In 1926, Joseph Pilates created the exercise system he called ‘Contrology’. As a hospital orderly in World War I, he developed it as a way for bed bound patients to exercise. After moving to New York he opened a studio and along with his wife Clara taught notorious dancers. These included Martha Graham, Ruth St. Denis, Ted Shawn, Jerome Robbins, and George Balanchine. Back then, 60% of his clients were men! If you would like to find out a little bit more about Mr Pilates, I recommend starting here.
‘Contrology’ ‘develops the body uniformly, corrects postures, restores physical vitality, invigorates the mind, and elevates the spirit’. In his book, Return to Life Through Contrology’, Joseph teaches us the 34 original exercises as well as much about life. His washing methods (‘a good stiff brush’ with no handle) may have been forgotten by some, but his exercises and principals are still firmly rooted in what today we call Pilates. There are 6 principals that Pilates advocated:
Breath is heavily focused on in Pilates as it is our ‘first act of life, and the last’. It is something we usually do unconsciously but not in Pilates. Conscious lateral breathing is used to greatly assist the other principals.
Pilates focuses on what is called the ‘powerhouse’. This is much more than what many call the core. Our centre is from the bottom of the ribs to the hips and arguably beyond.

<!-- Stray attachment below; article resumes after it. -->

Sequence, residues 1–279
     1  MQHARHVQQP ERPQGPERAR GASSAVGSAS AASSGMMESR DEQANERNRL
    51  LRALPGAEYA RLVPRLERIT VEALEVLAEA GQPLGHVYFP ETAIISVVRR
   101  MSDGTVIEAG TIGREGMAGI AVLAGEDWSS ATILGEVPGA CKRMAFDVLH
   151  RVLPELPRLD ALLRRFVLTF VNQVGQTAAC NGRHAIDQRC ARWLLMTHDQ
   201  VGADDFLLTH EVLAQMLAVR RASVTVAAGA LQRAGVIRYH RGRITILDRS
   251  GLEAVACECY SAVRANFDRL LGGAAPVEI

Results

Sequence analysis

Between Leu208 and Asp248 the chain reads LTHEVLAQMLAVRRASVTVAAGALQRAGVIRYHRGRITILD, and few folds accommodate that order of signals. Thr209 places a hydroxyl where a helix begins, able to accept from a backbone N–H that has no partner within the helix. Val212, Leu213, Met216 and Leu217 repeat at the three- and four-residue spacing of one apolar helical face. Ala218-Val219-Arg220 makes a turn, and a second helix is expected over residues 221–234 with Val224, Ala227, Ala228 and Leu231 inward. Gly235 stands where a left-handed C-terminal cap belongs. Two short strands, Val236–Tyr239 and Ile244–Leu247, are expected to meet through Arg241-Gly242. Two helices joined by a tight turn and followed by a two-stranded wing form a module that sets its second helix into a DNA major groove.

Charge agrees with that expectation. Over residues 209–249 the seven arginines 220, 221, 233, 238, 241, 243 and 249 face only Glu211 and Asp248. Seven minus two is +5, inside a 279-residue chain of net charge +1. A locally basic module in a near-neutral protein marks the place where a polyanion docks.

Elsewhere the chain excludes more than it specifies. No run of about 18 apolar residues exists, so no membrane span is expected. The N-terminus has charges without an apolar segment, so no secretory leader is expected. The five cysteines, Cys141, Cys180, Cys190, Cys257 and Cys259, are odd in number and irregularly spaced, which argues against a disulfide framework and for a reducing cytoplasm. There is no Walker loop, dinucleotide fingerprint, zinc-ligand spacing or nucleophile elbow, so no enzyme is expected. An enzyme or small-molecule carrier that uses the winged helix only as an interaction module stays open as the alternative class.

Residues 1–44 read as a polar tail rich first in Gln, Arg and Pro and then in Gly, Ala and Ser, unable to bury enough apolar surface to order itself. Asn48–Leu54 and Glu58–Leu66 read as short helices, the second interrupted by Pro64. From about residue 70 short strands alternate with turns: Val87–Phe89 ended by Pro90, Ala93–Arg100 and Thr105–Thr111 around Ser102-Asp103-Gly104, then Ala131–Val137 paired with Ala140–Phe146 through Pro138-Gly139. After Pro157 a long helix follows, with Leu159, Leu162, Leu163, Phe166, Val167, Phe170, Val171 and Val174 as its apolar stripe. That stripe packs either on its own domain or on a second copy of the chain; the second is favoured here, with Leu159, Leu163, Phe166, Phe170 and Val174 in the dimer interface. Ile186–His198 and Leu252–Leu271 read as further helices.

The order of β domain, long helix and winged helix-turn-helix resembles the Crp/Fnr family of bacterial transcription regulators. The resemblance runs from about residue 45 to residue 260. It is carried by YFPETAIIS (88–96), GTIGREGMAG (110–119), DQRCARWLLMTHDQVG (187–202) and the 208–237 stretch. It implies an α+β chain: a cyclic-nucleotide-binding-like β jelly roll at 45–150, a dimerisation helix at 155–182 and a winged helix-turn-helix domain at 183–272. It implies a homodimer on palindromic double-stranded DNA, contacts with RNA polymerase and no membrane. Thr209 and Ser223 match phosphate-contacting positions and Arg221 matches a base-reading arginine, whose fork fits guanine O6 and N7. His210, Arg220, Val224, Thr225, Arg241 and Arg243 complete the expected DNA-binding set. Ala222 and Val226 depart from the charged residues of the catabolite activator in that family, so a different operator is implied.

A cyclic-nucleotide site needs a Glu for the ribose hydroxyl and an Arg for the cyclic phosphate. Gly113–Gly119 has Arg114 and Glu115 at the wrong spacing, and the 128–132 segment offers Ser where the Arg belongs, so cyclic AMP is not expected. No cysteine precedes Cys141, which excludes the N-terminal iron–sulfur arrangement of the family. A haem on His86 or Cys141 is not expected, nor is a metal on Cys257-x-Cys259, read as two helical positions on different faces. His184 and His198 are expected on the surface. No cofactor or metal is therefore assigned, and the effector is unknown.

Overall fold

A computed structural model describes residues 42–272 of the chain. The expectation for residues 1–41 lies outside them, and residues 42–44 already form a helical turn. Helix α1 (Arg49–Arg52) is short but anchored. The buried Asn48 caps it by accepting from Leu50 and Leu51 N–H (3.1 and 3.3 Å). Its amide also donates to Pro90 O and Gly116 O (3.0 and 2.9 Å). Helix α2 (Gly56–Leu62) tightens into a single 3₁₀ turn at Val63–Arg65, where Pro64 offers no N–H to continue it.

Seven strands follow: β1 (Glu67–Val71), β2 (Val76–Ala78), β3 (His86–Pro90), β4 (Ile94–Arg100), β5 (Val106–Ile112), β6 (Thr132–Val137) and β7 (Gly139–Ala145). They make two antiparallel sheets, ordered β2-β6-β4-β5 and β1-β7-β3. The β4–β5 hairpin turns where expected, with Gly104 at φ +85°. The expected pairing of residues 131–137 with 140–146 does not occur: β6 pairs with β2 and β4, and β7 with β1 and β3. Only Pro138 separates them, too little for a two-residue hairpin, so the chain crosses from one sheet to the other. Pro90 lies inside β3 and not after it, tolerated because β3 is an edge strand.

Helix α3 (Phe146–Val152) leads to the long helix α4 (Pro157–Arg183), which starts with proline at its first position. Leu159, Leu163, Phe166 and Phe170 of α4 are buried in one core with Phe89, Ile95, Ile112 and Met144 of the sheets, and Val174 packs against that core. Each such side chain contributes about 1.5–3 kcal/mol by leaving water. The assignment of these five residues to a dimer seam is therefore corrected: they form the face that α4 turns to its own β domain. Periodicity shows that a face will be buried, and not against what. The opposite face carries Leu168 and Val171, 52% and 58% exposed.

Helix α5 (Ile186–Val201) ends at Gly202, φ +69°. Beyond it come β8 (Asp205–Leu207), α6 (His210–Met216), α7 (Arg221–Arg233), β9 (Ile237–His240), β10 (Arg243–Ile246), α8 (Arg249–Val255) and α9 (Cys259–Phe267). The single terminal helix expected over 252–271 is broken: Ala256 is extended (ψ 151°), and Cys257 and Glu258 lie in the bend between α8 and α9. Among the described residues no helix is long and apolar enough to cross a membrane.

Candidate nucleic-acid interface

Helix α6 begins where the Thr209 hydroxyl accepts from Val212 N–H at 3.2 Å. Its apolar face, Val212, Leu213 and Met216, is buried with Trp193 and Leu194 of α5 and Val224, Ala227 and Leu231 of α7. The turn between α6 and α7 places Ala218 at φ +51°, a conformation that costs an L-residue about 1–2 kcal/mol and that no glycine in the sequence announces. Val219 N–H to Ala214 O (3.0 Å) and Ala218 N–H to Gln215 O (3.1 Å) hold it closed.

The exercises require close attention to the details in order to get the full benefits of Pilates. Even the most basic of moves require this concentration and focus. This presence also helps the mind leave the rat race and become focussed.
Exercises in Pilates are performed with ‘fluidity, elegance and grace’, Flow means the body is connected smoothly. This assists in an efficient use of energy whilst exercising.
Pilates uses the mind to direct the muscles in a controlled manor. This includes all the tiny movements that we may not usually pay attention to when exercising.
Pilates uses a conscious awareness and control of the body; its placement, alignment and trajectory. This precision enables efficiency and improved postural habits.
About Pilates today
Pilates today has evolved into a dynamic exercise system and way of thinking which can benefit each and every one of us. The 34 original exercises are still performed but many have been adapted to suit contemporary body types. Although there are infinite variations as we learn more and more about human anatomy, they still all follow the 6 original principals. This versatility means that everybody can reap the rewards of the Pilates method. If you would like to find out for yourself then come to one of my classes.